Tuesday, 22 May 2018

Blooming Marvellous!

I got up early on Friday, hoping to get called in for teaching. No call came.
By 8.15 I decided all the schools must be doing Royal Wedding Events, and wouldn't need supply staff. So Bob went to work on his bike, and I took the car to Wimborne Market. A whole trolley load of fruit and veg at excellent prices- without any plastic bags needed. Stall holders were quite happy to put stuff into my cotton bags [although I did have to accept a recyclable punnet for my strawberries]
Then I went into Wimborne itself - and spotted the Library was open. For the whole of May they are running the "Blooming Marvellous" exhibition. This has been travelling round the Bournemouth and Dorset libraries for a while - an amazing collection of knitted and crocheted flowers, plants and animals. Well worth a visit if you can - the detail is amazing. I couldn't resist adding suitable Librarian Captions to the pictures. Click on them for a larger view





Monday, 21 May 2018

Forget Me Not

Today marks the start of Dementia Action Week, organised by the Alzheimer's Society [details here] Their logo is a Forget-me-not flower
In recent years, I've met more and more people who suffer with this condition, and their amazing carers. 
Once a month, a group of us take a worship service in a local dementia care home. I am always so moved when we sing an old hymn, or say the Lord's Prayer, to see people who seem quite unaware of their surroundings suddenly start mumbling the words with us. Verses learned by heart so many years ago surface again, and bring comfort and peace of mind for a few moments 
This year the AS theme is "Small Actions, Big Impact" - simple ideas and deeds which can make a huge difference.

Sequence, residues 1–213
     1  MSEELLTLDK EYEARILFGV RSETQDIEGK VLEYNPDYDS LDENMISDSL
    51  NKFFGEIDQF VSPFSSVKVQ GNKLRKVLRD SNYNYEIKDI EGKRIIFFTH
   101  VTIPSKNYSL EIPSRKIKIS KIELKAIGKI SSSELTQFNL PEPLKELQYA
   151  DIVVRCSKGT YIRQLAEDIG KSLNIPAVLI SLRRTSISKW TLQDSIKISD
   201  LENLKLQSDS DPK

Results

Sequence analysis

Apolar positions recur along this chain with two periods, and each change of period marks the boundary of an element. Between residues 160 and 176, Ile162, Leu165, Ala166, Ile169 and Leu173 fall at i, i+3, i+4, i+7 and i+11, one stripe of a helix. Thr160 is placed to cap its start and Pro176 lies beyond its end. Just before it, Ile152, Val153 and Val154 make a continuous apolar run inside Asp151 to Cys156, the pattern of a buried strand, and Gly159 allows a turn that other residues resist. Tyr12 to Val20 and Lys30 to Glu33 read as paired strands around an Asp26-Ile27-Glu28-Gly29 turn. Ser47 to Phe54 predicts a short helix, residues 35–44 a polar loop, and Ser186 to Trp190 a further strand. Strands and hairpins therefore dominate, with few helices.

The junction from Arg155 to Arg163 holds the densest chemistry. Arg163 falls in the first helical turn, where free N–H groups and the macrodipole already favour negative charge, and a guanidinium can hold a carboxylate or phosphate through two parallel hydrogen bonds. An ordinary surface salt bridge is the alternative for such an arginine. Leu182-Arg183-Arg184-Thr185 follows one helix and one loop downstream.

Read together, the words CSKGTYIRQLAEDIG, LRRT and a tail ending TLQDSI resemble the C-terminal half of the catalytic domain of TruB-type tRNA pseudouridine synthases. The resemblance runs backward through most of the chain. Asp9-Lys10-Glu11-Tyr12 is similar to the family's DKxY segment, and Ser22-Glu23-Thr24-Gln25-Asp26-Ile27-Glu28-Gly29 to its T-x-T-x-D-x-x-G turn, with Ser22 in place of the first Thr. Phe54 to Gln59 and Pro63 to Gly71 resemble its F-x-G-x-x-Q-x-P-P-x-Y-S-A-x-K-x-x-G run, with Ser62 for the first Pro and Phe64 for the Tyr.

Do take a moment to look at the website. 
When we lived in London, I remember meeting a recently bereaved friend and saying "I was sorry to hear you lost your Mum on Friday" She replied "Thank you Angela, but I really lost my Mum a few years ago"
Alzheimer's is a cruel disease affecting the whole family. If there are little things that we can do to help those affected, then we certainly should  Suggestions include
  • Will you talk to people? 
  • Will you make the time to listen? 
  • Will you ask if you can help if someone looks confused? 
  • Will you be there for carers and lived ones too? 
  • Will you ask questions and learn about dementia? 
  • Will you carry on inviting people out? 
  • Will you be patient? 




Sunday, 20 May 2018

A Friend In Need...

Today is the Feast of Pentecost - when Christians remember God's gift of his Holy Spirit, the birth of the Church , the family of God's people.[read the story here]
Something that has really been important for me in recent weeks is the fact that God doesn't send us out alone - we have a faith-family. Friends who care for us and help us - and for whom we should be caring too.
I know I have spoken about Paul's words in Galatians before "Help carry one another's burdens, and so fulfill Christ's law"
I love Annie Valloton's picture, showing this line of people, each with their own burden, but each helping to carry the load of the one in front.
But what has struck me just lately is that sometimes people struggle on, and are unwilling to be helped, or to share their troubles with anyone else. Maybe they do not want o appear weak, maybe they do not want to be a nuisance, maybe they are embarrassed to admit they have a problem...whatever the reason, they bottle it up and persevere alone, and in silence. I saw this great label on a large box in B&Q this week.
There is no need to cope by yourself "Do not carry alone" Is a wonderful instruction.
There is always someone willing to help.
And God is always there too - even if you don't 'do church' you can always try praying [check out the helpful Try Praying website!]